While confessing that he finds the plot of “The Comforts of Home” “one of the least convincing O’Connor ever devised,” Frederick Asals concludes that the figures of Thomas and Sarah are meant to be taken – at least on one level – as doubles, obverse exemplifications of a single psychological impulse:
In Jung’s language, then, Sarah Ham is the “anima-projection” of which Thomas is the “persona”; psychoanalytically viewed, the two characters are complementary figures, obverse doubles, alter egos. The arrival of the girl thus inevitably exacerbates all those psychic tensions which have lain dormant beneath Thomas’s bland exterior.
There is an indication in the story that the mother understands this – “I keep thinking it might be you,” she tells her son – as, on some level, does Thomas. His self-loathing arises out of a sense that he is “slowly turning into the girl”; although he explicitly avows his goodness as against Sarah’s evil, the story actively resists this reading, implying instead that the two characters are psychological reflections of one another.
The psychic tensions in the story run deeper than any thumbnail exegesis of this kind could possibly do justice to, and in any event a psychoanalytic reading of the story is only one of a number of possible approaches one might take in discussing it. Regardless of whether Asals is correct in finding the plot overly contrived (I tend to disagree), the story is nevertheless a crystalline example of O’Connor in her high ironic mode, a bitterly funny dissection of a complex morality, and a mordant comment on the old adage that “charity begins at home.”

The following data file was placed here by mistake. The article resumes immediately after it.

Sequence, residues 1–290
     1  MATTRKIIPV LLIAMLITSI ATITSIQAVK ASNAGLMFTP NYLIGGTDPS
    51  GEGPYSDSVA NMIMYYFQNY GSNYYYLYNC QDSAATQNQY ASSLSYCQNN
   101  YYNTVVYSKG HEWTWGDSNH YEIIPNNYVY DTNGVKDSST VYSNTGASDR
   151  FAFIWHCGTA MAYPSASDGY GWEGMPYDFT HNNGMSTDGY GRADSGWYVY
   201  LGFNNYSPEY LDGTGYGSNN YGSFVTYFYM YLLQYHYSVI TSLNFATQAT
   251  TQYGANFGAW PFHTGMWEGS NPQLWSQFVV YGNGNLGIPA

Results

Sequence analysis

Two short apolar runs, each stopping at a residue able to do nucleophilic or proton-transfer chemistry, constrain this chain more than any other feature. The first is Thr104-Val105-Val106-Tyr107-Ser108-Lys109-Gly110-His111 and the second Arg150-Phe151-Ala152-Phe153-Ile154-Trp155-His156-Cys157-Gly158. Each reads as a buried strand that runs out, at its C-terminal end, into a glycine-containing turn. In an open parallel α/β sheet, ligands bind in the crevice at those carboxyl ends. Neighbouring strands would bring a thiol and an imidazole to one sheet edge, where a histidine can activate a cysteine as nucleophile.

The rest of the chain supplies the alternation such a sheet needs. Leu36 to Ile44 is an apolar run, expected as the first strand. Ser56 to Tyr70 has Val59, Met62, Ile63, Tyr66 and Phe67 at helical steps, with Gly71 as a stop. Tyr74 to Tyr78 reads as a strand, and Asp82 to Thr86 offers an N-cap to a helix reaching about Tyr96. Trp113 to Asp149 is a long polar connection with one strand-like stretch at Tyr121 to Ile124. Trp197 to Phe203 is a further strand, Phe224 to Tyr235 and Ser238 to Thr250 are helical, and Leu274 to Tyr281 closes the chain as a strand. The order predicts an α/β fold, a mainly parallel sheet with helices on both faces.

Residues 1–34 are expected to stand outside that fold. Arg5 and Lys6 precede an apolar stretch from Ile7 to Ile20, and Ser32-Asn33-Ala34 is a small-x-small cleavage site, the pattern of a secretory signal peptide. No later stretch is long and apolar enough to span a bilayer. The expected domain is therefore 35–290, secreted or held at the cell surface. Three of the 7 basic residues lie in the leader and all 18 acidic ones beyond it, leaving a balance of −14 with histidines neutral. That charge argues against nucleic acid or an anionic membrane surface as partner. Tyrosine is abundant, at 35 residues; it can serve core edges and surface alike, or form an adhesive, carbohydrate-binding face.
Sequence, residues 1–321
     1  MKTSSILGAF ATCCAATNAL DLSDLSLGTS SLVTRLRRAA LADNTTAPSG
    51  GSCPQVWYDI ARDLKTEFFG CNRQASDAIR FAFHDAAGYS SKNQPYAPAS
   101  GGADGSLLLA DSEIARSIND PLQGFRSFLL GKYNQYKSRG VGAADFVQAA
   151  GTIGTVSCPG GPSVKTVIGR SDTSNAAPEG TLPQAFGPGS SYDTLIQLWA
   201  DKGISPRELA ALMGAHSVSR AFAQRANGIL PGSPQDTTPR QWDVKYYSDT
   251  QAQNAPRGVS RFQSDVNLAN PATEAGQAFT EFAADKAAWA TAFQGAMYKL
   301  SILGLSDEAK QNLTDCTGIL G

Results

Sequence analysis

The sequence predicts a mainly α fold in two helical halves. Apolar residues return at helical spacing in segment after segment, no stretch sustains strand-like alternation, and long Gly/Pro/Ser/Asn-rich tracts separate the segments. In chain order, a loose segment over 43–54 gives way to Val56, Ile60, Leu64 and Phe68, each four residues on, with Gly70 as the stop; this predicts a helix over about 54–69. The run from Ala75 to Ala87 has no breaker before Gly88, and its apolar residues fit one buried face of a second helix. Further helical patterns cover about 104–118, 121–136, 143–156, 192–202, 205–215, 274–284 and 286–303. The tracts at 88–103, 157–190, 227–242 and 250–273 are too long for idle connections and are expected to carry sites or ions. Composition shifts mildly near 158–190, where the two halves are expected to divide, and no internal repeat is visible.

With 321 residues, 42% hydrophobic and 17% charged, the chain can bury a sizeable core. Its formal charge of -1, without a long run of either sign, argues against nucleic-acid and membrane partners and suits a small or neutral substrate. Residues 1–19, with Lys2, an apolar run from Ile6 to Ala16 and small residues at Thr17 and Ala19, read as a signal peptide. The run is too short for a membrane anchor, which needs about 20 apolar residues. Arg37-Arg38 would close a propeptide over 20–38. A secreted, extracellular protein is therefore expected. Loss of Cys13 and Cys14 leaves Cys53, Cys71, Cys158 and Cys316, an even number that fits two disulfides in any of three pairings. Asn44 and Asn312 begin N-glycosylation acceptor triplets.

An article in yesterday’s Globe and Mail advocated moving away from the practice of assigning classes of schoolchildren a single book to study and toward allowing students to exercise more choice in their reading material for school:
Reading for pleasure – and not because there’s an essay due tomorrow – has been linked to scholastic achievement. Some education researchers have argued that means letting students – particularly in middle school and especially boys – freely choose what pages they want to turn.
“There’s this belief that if you are going to go to a college you have to read certain things,” says Gay Ivey, a professor of reading education at James Madison University in Virginia. “When you think about the kinds of things that very successful, educated, productive people read in their adult lives, they aren’t breaking down the doors of Barnes & Noble to get a copy of The Scarlet Letter.”
True enough. They also aren’t breaking down the doors of Barnes & Noble to get their hands on an algebra textbook, but this doesn’t seem to deter educators from assigning math problems to students. This is where the argument that students should be allowed to choose what they read in school falls flat: it assumes that English literature – unlike, say, math or chemistry – is a subject that requires no familiarity with its background or history. The history of the English novel stretches back to the 18th century, to Defoe and Richardson and Fielding. The history of the novel stretches back even further, to Cervantes and Lady Murasaki. Beyond that, modern English literature can’t be understood without a firm grounding in the classics: in Dante and Homer and the Bible.
Of course, teachers of English literature in middle school classrooms won’t want to hear this, precisely because their students are steeped in the ephemera of modernity – in the X-Box and World of Warcraft and text messaging. Teaching students about the past, and having them immerse themselves in worlds that may seem foreign to them, requires work: it requires teachers to actually teach.